Lacey_Che131_F2011_Lect-34.pptx

Lacey_Che131_F2011_Lect-34.pptx - Nuclear chemistry is the...

Info iconThis preview shows pages 1–6. Sign up to view the full content.

View Full Document Right Arrow Icon
Nuclear chemistry is the study of reactions that involve changes in the nuclei of atoms. Lec-34: Nuclear Reactions Roy A. Lacey, Stony Brook University; Che 131, Fall, 2011 1 Why Study Nuclear Processes Nuclear Reactions in the sun provide the energy required to sustain life required to sustain life on Earth 2 Roy A. Lacey, Stony Brook University; Che 131, Fall, 2011
Background image of page 1

Info iconThis preview has intentionally blurred sections. Sign up to view the full version.

View Full DocumentRight Arrow Icon
Why Study Nuclear Processes Nuclear reactions studies provide fundamental fundamental understanding of our universe 3 Roy A. Lacey, Stony Brook University; Che 131, Fall, 2011 Why Study Nuclear Processes Nuclear Reactions play a crucial role in national security 4 Roy A. Lacey, Stony Brook University; Che 131, Fall, 2011
Background image of page 2
Why Study Nuclear Processes Nuclear Reactions play a crucial role in medicin crucial role in medicine 5 Lungs Brain Roy A. Lacey, Stony Brook University; Che 131, Fall, 2011 Why Study Nuclear Processes Nuclear waste issues play an important role in debates on the environment. 6 Roy A. Lacey, Stony Brook University; Che 131, Fall, 2011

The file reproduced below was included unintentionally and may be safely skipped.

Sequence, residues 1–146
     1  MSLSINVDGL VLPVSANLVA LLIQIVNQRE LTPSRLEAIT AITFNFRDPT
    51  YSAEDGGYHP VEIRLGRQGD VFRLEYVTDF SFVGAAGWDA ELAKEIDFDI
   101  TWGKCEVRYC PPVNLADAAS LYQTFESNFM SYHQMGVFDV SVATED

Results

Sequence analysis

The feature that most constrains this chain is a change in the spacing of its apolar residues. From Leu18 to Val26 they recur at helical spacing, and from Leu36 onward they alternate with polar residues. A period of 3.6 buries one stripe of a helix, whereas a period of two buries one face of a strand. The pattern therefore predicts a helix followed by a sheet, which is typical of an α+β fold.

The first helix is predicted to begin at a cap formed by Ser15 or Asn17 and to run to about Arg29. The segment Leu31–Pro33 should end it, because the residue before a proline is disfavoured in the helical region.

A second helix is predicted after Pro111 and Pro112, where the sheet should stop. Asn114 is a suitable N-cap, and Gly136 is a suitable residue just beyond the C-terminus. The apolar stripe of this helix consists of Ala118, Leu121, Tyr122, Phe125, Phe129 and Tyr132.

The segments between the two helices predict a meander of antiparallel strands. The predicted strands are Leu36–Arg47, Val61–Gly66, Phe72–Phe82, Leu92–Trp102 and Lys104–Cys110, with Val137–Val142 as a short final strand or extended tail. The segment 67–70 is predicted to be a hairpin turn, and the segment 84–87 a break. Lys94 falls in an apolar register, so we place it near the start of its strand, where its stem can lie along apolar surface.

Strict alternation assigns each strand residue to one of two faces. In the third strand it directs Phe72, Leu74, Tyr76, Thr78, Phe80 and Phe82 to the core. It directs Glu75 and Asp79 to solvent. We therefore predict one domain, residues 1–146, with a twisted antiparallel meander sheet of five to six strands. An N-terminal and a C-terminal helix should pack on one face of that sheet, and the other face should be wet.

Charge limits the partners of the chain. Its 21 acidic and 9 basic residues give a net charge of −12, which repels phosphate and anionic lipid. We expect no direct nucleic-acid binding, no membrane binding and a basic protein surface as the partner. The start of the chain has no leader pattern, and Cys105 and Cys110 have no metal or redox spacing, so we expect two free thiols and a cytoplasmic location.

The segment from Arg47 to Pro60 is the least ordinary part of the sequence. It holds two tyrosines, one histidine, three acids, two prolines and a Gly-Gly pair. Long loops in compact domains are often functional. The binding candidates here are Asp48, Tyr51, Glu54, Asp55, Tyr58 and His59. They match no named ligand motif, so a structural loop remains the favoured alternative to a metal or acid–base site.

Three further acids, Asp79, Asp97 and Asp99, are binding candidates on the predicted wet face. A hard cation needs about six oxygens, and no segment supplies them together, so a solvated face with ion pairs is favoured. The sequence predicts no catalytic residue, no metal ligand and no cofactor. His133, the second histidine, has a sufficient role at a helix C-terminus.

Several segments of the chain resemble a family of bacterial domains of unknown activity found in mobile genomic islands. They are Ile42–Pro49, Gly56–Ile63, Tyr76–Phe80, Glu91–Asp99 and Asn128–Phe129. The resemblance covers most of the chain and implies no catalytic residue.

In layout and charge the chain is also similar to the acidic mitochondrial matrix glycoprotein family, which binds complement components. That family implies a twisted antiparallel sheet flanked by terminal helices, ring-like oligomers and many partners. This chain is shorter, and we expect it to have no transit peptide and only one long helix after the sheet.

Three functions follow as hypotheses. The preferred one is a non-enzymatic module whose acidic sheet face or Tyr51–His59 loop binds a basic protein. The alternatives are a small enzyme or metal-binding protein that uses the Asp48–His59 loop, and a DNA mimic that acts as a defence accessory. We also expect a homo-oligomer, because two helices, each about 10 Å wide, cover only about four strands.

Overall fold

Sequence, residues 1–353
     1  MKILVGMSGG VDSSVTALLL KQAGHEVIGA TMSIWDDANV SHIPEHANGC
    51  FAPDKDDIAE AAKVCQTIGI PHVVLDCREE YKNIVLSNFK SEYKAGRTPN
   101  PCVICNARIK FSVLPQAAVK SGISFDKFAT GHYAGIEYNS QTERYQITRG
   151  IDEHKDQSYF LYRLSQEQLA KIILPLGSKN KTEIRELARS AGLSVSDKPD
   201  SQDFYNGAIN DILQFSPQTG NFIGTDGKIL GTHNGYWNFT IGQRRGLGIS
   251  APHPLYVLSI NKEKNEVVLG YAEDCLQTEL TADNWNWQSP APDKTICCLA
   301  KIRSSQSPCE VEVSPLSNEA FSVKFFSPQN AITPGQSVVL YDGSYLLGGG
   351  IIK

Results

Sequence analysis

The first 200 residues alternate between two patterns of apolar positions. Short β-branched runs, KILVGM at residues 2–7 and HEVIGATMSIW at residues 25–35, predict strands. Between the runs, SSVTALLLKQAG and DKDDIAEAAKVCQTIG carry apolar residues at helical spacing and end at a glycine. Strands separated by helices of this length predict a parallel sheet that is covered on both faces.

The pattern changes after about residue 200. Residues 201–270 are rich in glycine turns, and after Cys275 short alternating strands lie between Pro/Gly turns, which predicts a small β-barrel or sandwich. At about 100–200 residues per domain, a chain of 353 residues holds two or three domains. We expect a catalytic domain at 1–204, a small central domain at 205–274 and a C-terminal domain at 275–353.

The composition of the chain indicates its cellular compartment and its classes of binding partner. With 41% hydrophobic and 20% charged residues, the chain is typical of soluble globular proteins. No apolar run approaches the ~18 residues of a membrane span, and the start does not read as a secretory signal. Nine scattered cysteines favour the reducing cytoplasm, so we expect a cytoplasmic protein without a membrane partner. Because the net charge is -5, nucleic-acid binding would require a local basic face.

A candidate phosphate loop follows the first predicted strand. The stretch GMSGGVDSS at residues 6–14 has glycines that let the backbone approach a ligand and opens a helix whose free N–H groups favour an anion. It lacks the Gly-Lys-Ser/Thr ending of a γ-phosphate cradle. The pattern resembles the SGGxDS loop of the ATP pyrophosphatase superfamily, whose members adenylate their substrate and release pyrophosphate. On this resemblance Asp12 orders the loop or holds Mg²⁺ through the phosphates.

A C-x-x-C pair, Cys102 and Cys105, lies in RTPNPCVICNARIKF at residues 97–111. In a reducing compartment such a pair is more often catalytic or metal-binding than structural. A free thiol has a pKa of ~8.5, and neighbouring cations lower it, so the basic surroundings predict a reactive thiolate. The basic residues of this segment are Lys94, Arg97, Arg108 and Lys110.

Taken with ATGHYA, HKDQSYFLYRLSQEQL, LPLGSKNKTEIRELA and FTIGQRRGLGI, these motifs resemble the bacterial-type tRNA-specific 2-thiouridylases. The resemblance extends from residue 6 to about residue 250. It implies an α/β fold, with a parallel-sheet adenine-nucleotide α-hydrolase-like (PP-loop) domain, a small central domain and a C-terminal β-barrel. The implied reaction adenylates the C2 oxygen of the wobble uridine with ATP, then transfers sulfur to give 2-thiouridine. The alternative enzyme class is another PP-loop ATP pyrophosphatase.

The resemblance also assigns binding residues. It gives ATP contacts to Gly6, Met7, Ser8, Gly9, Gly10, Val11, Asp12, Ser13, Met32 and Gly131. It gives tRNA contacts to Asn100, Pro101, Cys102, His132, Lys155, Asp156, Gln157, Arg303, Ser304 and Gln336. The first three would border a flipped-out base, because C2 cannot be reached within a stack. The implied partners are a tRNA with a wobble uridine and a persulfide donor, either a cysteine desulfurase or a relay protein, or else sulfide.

Background image of page 3

Info iconThis preview has intentionally blurred sections. Sign up to view the full version.

View Full DocumentRight Arrow Icon
Why Study Nuclear Processes Radiotracers Radiotracers are used to follow an element through a chemical reaction. Photosynthesis has been studied using 14 C: 14 14 un gh 6 CO 2 + 6H 2 O C 6 H 12 O 6 +6O 2 sunlight chlorophyll The carbon dioxide is said to be 14 C labeled. 7 Roy A. Lacey, Stony Brook University; Che 131, Fall, 2011 Why Study Nuclear Processes Biological effects: Radon exposure accounts for more than half of the average annual exposure to ionizing radiation. Rn Rn is thought to cause lung cancer is thought to cause lung cancer Rn is a noble gas – typically inhaled The half-life of is 3.82 days. The α -particles produced It decays as follows: 222 86 Rn 218 84 Po + 4 2 He have a high RBE 218 84 Po 214 82 Pb + 4 2 He The 218 Po gets trapped in the lungs where it continually The Po gets trapped in the lungs where it continually produces α -particles. particles. The EPA recommends 222 Rn levels in homes to be kept below 8 4 pCi per liter of air. Roy A. Lacey, Stony Brook University; Che 131, Fall, 2011
Background image of page 4
Nuclear Reactions Induced Reactions Spontaneous Reactions (Radioactivity) 9 Roy A. Lacey, Stony Brook University; Che 131, Fall, 2011 Induced Reactions Nuclear transmutations are initiated via collisions between nuclei.
Background image of page 5

Info iconThis preview has intentionally blurred sections. Sign up to view the full version.

View Full DocumentRight Arrow Icon
Image of page 6
This is the end of the preview. Sign up to access the rest of the document.

Page1 / 14

Lacey_Che131_F2011_Lect-34.pptx - Nuclear chemistry is the...

This preview shows document pages 1 - 6. Sign up to view the full document.

View Full Document Right Arrow Icon
Ask a homework question - tutors are online